ProCreate Static X

Static-X: A Retrospective

Tara Alexander (@redtalyn)

On Saturday, November 1st, Wayne Static, the namesake for the industrial metal band Static-X, passed away in his sleep at the age of 48. I grew up listening to the nu-metal of the late 90's and because of that I was always a big Static-X fan. His death was not only a huge shock as it was so unexpected, but it is also a huge loss to the metal community. I decided this week to take a look back at a short but fantastic career and break down the discography of Static-X, highlighting the best tracks and doing what I love best as my way of honoring the late great lead singer. 

Wayne Richard Wells was born November 4th, 1965 in the town of Muskegon, MI. He played with small bands around the state, then moved to Chicago and played briefly in a band with Billy Corgan before relocating to LA and recruiting new band members to fully realize his vision. He changed his name, started Static-X, and signed with Warner Brothers in 1998.

The rest, as they say, is history. 

ProCreate Static-X

Static was known not only for his voice and lyrics, but for his unusual looks; with his black hair standing straight up on his head as if he had jammed his finger into a socket, and a long, “chin-tail” beard that trailed down his chest. Despite being one of the best and loudest growlers of his day, Static was quite soft spoken and mostly kept to himself, but he was always one to give his all when he was on stage or in the studio.  

One of the last times I saw Static-X live was at the legendary “free” Ozzfest in  that was held at an outdoor music theater in Clarkston, MI. I remember that show well because not only was it frenzied and kick ass, but they whipped up a crowd of baked and people so much that the attendees began to rip up the sod laid down on the lawn and pitch it onto the sky. Dirt, grass, and rocks rained down upon the crowd, and soon it was apparent that this type of behavior could not be tolerated when Static literally stopped the show to tell them to knock it off, as “I didn't tell you guys to do that shit,” and he was most agitated that a fan up near the stage had been pelted with a rock so large that she was bleeding. After threatening to leave the stage the crowd eventually subsided and Static-X was able to continue their set, but I was upset because my listening experience had been interrupted. I was happy that Static decided to continue because seeing them live is quite a visceral experience, but it is unfortunate that I will never be able to see them again. This to me is one of the many reasons it is so incredibly tragic when a band member dies; the knowledge that you will never again be able to feel the happiness that can only come from seeing that band's live show. So, to Wayne Static and his legacy, I present the full Static-X discography, with a brief review and lists of the best five tracks from each album.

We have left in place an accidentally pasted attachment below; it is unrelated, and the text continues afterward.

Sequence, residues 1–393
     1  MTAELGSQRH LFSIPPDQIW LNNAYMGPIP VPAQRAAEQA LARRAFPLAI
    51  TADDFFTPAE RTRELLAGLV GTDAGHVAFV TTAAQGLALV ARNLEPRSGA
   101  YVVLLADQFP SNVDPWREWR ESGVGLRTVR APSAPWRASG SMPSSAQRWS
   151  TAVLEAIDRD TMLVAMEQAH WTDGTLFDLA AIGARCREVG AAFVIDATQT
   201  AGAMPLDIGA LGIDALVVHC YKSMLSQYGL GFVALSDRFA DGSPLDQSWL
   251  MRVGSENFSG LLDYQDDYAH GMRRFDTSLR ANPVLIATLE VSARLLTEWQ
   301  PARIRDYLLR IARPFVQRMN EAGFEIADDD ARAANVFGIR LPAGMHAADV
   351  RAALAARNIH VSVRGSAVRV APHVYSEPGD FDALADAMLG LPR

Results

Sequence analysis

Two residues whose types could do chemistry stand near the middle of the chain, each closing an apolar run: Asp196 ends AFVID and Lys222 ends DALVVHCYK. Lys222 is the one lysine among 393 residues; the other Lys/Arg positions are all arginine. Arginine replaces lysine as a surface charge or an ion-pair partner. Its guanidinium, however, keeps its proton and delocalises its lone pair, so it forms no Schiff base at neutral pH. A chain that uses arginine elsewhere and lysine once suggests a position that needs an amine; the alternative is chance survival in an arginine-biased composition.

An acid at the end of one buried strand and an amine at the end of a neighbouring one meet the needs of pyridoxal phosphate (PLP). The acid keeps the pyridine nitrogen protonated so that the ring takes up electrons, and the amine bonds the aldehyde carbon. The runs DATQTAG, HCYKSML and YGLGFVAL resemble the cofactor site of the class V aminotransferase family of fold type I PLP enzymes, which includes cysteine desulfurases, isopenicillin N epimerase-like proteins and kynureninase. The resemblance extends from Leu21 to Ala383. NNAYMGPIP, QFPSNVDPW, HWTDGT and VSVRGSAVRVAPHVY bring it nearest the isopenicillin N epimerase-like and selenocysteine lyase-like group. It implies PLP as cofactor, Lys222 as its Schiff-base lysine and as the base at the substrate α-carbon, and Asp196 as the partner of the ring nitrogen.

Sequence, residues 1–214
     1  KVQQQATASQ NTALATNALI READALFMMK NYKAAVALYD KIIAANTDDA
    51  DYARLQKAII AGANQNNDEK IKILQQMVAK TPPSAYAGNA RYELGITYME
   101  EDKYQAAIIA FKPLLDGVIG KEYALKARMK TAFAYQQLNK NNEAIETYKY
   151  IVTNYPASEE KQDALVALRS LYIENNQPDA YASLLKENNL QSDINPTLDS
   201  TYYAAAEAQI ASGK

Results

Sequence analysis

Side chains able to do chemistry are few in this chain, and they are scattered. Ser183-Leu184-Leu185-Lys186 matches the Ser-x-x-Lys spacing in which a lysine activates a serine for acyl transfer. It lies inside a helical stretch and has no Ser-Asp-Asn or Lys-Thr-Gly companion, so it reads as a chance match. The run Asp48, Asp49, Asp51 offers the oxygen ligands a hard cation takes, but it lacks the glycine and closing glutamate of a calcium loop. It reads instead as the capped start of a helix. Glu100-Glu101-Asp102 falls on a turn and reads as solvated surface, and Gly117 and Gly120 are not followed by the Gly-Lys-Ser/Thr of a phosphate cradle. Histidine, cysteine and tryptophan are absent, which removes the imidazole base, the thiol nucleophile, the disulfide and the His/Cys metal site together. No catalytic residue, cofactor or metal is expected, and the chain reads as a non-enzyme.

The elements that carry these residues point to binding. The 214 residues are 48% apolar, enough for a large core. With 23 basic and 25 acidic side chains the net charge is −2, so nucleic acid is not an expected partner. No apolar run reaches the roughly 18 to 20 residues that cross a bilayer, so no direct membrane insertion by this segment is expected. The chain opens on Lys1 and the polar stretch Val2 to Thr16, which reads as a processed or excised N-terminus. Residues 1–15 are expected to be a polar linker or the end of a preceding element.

First up is the landmark debut album, Wisconsin Death Trip (1999). With this album Static_x marked their place on the metal map, and gave headbangers something to really snap their neck about. With loud, pulsating rhythms and Static's signature angry growl, nu-metallers rejoiced over their new found saviors, and in 2001 the album went platinum. Mixing heavy electronics with live guitars and drums made for a fast and furious record that will always hold its own against the metal acts of new.

Top Five Tracks:

  1. Push It
  2. Bled For Days
  3. Stem
  4. Wisconsin Death Trip
  5. I Am

Their sophomore album, Machine (2001), was a genuinely brilliant and remarkable effort; where most bands fail at their second attempt Static-X flourished and with this album attracted an even broader audience. Out of all of the albums, this one is definitely my favorite and the favorites of many of my friends' as well. The riffs were heavier, the sound effect were weirder, and Static sounded angrier than ever. It is a great album and a must own for any metal fan.

Top Five Tracks:

  1. Cold
  2. Machine
  3. Structural Defect
  4. Get To The Gone
  5. Otsego Undead

The third album, Shadow Zone (2003) came out to a crowd that had expected the same angry and loud music. They were instead given a different type of Static-X, a more melodic and commercial one that ultimately failed to impress. Although the album is legitimately well done it didn't possess the same magic that the first two did, and unfortunately because of that it didn't fair very well with fans and critics alike. Pressures from the label, a new producer, and new members changed the sound of the album, but not necessarily for the best. I will give it a listen once in a while, but it is not my go to album by any means.